A Ruckus among Us
Worf, Richard, Harvard International Review
Protest in a New Age
The protests that shut down the Seattle meeting of the World Trade Organization (WTO) in November 1999 have so far been the high-water mark of the movement against global free trade.
At the helm of the protest was a group known as the Ruckus Society. Ruckus has transformed the nature of nonviolent protest since the group's founding in 1995, contributing significantly to the slowing of trade liberalization.
After Greenpeace disbanded its direct-action office in 1991, nonviolent activism briefly became the province only of fringe groups. The Ruckus Society was founded to revitalize direct action and make it visible again. Since 1995, Ruckus has trained thousands of activists each year, from countries as diverse as Nigeria and Denmark, in the methods of protest. At the dozens of Action Camps that Ruckus offers annually, protesters learn techniques ranging from blockading police roundups to creating the image of a hanging man from a company billboard. The focus is on making a loud statement while avoiding violence and property destruction. Vocal nonviolence has allowed Ruckus to achieve a level of credibility unknown to any of its predecessors: its supporters range from media mogul Ted Turner to publishing heiress Elaine Broadhead, who frequently hosts Action Camps on her personal estate in Virginia. However, as successful actions become less frequent and the targets of Ruckus's ire learn from the WTO's mistakes, t he potential for Ruckus's raucous supporters to turn violent increases.
How did Ruckus succeed where so many groups had failed before? It found success through what a large corporation might call damage control. Unlike environmentalist groups, which aim to offend, Ruckus handles the media with kid gloves and deliberately crafts a neutral image in the media. Embracing no specific cause, Ruckus can avoid the strident demands that turn off moderate news-watchers. The group's leadership has followed this strategy by subsuming their personal causes (such as environmentalism and workers' rights) into the broader struggle against global free trade. For example, Ruckus founder Mike Roselle was a cofounder of Earth First, a group known for advocating the depopulation of large areas of the western United States to create wilderness reserves. But today, without publicly disowning his past ideals, he focuses more on mobilization; as he puts it, "We are doing exactly the same thing we were doing five to seven years ago, but now it's a lot more productive environment for organizing."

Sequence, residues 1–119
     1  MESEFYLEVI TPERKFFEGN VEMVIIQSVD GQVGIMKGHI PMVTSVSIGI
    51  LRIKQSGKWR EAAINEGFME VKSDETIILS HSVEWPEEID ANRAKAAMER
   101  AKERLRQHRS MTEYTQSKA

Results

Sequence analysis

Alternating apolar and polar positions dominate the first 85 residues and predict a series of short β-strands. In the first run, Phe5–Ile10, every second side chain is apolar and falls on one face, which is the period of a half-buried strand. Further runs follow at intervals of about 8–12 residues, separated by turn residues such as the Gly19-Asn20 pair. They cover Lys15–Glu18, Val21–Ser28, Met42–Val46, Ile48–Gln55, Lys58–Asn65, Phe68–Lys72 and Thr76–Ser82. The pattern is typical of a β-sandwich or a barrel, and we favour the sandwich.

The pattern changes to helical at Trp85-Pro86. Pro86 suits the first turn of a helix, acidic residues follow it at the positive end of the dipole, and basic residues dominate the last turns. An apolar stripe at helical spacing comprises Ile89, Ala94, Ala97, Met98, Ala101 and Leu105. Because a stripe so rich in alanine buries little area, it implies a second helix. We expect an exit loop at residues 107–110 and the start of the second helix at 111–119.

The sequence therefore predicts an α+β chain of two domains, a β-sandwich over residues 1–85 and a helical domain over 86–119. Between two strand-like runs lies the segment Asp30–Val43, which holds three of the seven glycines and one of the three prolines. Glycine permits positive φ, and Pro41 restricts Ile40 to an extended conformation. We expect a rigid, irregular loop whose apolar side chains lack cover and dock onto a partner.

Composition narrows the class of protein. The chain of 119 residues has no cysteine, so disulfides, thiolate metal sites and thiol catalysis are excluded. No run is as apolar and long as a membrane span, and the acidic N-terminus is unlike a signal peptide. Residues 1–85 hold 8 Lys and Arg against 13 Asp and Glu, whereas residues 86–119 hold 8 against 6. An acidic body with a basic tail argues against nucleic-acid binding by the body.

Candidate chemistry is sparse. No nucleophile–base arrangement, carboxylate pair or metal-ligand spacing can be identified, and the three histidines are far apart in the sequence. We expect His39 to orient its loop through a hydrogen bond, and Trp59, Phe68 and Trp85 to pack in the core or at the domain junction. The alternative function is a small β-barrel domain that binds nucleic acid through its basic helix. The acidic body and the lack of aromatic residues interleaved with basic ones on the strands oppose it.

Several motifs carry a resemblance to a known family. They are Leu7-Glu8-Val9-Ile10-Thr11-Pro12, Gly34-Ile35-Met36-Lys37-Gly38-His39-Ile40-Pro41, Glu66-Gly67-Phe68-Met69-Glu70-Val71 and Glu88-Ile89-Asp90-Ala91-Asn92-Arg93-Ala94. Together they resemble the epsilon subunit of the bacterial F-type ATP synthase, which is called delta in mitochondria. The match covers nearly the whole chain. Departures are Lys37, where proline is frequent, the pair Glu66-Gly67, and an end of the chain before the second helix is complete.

Though not as vocal as its environmentalist ancestors, Ruckus is much more visible because it has taken to the streets of major cities. In 1998, Ruckus moved its headquarters from Montana to Berkeley, California, and protests in the streets of Seattle in 1999 and Washington, DC, in 2000 have been great opportunities for media exposure. Founder Roselle says, "Image is everything. The content will get totally passed over if the image is lost." Ruckus's in-house media manual says, "Go the extra mile; proofread the press release again; make the extra phone call. Never cut corners," and recommends Ted Turner's CNN with its "24-hour news hole" as a prime publicity tool. This stands in contrast to the haphazard efforts of previous years, when the goal was stopping loggers instead of shaping public opinion.
Ruckus's nonpartisan bent, besides moving the theater of action from the forest to the street and from obscurity into the media spotlight, has also allowed it to benefit from the very basis of multinational corporatism: economies of scale. At the Seattle protests, the investment Ruckus had made in training a few activists at Action Camps became the seed for the largest anti-globalization protest in history. Like a multinational, Ruckus itself comprises no more than a dozen administrators and trainers. Its Action Camps resemble corporate retreats and are conducted in the style of a multinational board meeting. …